He started going to group therapy soon after.

Life had been hard before the suicide attempt. "I started seeing people who were dead,” he said. "I could sit back and hear machine gun fire."

Help came first in the form of weekly therapy sessions, then in a dizzying array of medication and in tight bonds formed with other service members who struggle as well.

It took him months to open up during the group therapy, he remembers.

Now, he shares freely with the other vets, leaning on each other when the days get bad.

He still drinks, but knows when to quit. He doesn't lose control.

He's proud of how he's changed: When the letter arrived from his ex-wife, "I was this close to calling and exploding,” he said. "I didn't call, I didn't DUI."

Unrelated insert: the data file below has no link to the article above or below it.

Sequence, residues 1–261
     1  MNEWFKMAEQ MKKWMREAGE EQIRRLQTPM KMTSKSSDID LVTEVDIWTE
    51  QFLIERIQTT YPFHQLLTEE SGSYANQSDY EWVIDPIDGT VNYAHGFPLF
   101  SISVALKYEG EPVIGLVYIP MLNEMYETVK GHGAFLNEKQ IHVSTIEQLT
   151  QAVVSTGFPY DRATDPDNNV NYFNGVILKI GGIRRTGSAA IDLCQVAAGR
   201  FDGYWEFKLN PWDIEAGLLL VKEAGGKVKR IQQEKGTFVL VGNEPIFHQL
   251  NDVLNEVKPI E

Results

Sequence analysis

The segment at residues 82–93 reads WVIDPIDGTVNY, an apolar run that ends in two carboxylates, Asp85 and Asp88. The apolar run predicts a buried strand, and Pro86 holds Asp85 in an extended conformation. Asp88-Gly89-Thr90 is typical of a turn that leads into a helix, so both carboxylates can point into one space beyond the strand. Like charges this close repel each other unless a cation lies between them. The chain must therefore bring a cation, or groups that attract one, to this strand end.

Pappas leans back in his seat at a small Mayport bar and looks around at the other veterans in the room, each with their own story to tell. Some are probably dealing with their own combat experiences, he figures; some could probably use a little help.

It's up to them to seek it, he says, but when they do, he's ready to be the guy on the other end of the phone.


A psychologist talks about resources available for soldiers with PTSD.


Veterans dealing with post-traumatic stress disorder or other issues can call the Veterans Crisis Line at (800) 273-8255 and press 1 for immediate help.

During normal business hours, the Deployment Health Center at Jacksonville Naval Hospital can be reached at (904) 542-3500, ext. 8115 or 8724.

For those who are no longer on active duty, the Veterans Administration's Vet Center can be reached at (904) 232-3621 during normal business hours.


This is a showcase of the work done by Timothy J. Gibbons during a journalism career now stretching back more than a decade.